Extensive research has shown that the desire for ongoing contact with nature is a basic human necessity to ensure health, wellbeing and productivity.
A report for the Trust for Public Land in the USA, found that city parks and open space improve physical and psychological health, strengthen communities and make cities more attractive places to live and work.
As the US is now 80 percent urban, while Malaysia is breaching 75 percent, the need for greenery in cities is urgent. This principle, known as “biophilia” is now accepted as crucial to successful city planning to overcome the challenges of ensuring easy access to nature in an urban setting.
Iconic City, Green Lungs
New York City continues to be consistently recognised as one of the most liveable and prosperous cities in the world. This success depends in no small measure to its extensive network of more than 1,700 parks and other open spaces spanning over 30,000 acres, covering 14 percent of the city.
The history of New York City parks has been a colourful one: from the iconic 160-year old Central Park sprawled over 843 acres, the most visited urban American park with 43 million visitors annually, to more recently, the community activism that gave birth to the High Line, the stylish and much-copied elevated park constructed on a disused subway line.
Mitchell Silver, the parks commissioner of New York, likes to observe people in city parks. “When they enter a park space, you watch their whole countenance change. They feel they’re in a safe zone. Their guard is different. In a city where most people don’t have a yard, this becomes your living room,” he told the Guardian.
Kuala Lumpur’s Growing Green History
Despite its meteoric rise from a sleepy mining town to the glitzy capital city of Malaysia today, Kuala Lumpur has so far managed to maintain an impressive 30 percent green cover for its population of 1.76 million people.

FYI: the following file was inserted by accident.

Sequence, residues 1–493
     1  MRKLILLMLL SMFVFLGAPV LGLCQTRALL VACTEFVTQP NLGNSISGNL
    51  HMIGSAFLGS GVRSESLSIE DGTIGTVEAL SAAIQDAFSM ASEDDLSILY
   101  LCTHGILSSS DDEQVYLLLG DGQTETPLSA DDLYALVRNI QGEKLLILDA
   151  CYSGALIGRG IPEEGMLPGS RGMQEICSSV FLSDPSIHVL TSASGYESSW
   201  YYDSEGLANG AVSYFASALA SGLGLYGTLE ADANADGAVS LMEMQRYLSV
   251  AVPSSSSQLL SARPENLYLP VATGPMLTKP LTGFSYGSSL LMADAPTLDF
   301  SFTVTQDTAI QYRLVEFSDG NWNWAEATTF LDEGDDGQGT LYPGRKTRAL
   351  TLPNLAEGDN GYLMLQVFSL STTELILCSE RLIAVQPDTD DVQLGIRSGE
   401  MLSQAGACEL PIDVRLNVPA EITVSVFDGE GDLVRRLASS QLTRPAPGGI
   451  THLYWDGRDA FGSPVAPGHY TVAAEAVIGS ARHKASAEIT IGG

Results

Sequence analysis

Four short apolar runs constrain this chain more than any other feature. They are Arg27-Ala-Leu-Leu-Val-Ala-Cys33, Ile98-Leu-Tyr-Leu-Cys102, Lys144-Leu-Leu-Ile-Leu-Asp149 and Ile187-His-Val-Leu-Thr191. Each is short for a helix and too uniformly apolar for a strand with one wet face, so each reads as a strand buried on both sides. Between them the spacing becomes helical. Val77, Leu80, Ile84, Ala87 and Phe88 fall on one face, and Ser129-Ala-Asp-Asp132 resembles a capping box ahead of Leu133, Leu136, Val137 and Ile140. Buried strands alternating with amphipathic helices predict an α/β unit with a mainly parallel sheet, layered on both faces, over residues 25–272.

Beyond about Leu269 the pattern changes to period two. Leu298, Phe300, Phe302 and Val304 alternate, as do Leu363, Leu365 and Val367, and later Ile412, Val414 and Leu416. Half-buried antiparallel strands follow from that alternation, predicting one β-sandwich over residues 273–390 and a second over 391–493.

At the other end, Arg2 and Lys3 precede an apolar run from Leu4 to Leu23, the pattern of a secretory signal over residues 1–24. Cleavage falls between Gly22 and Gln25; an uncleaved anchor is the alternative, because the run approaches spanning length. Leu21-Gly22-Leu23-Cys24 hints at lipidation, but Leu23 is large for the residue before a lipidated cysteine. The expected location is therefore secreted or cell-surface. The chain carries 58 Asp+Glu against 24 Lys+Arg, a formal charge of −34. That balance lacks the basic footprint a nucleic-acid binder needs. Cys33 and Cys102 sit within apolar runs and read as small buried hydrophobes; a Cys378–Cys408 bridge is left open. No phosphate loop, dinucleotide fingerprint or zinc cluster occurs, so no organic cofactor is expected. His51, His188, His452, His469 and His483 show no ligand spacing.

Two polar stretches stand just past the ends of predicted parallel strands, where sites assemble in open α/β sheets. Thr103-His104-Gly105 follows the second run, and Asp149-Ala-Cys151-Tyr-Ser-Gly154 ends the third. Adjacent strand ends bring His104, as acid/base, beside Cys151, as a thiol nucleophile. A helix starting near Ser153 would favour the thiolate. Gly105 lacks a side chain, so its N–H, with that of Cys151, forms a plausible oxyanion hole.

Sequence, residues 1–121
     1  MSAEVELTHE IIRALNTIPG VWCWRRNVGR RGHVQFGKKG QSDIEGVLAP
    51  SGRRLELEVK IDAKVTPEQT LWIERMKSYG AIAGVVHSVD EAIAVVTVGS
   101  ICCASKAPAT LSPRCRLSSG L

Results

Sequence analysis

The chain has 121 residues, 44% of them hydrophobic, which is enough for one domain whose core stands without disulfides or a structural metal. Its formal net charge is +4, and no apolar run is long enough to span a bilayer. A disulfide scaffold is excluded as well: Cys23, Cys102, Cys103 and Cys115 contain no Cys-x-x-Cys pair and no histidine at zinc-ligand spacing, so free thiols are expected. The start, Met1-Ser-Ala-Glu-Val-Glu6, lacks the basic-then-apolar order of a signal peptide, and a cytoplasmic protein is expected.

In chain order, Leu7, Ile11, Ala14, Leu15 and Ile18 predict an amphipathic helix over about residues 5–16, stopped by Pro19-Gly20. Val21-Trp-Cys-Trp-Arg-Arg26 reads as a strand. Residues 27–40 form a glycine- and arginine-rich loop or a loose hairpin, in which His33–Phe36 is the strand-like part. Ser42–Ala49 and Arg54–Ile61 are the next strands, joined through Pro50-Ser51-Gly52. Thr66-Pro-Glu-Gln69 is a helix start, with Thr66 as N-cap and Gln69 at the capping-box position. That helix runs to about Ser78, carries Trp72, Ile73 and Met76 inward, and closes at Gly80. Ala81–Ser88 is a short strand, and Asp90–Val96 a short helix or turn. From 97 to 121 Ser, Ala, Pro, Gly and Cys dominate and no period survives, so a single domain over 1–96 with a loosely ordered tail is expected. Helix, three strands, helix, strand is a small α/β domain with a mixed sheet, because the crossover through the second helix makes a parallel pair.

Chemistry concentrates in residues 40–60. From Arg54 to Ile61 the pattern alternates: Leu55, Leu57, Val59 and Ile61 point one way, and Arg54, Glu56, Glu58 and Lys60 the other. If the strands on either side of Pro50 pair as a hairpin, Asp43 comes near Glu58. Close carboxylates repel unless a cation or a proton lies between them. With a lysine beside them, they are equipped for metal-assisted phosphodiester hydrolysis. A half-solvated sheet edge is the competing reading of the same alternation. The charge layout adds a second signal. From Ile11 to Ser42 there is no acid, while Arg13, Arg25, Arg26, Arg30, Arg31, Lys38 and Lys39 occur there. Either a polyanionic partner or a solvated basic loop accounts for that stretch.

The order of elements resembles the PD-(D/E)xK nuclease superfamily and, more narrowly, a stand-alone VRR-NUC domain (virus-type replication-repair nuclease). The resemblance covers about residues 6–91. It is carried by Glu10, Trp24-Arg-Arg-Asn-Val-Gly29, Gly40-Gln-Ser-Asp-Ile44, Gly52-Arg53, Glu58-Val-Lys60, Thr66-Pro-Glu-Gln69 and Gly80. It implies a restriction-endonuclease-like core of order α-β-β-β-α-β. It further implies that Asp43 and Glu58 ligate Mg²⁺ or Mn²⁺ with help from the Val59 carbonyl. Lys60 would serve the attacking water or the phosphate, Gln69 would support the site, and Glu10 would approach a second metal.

In line with the City Council’s vision for an interconnected public realm including green spaces, KL Sentral has already been integrated, using a network of public transport and walkways, into a walkable journey all the way to the Perdana Lake Gardens via the National Museum.
Soon, a detour will be available to the KL Sentral Park, which will feature hundreds of varieties of plants and provide facilities for outdoor activities such as camping, jogging and hiking trails that weave around the lake, streams and rainforest hills.
“The public realm is the fabric of cities. And for us, it is really the heart and soul of the TRX project,” said Andrew Grant, one of the designers of TRX's public realm and park.
“I’m absolutely convinced that the public realm, the landscape and the park will become the mechanism that allows the TRX project to become a cohesive environment where the different communities can mix together and really make it an amazing place,” he said.
TRX's fully integrated public realm, from the park to public spaces and walkways, allows for continuous community engagement such that residents and visitors are seamlessly connected to natural features, including greenery and water, whether through their daily routines or leisure moments.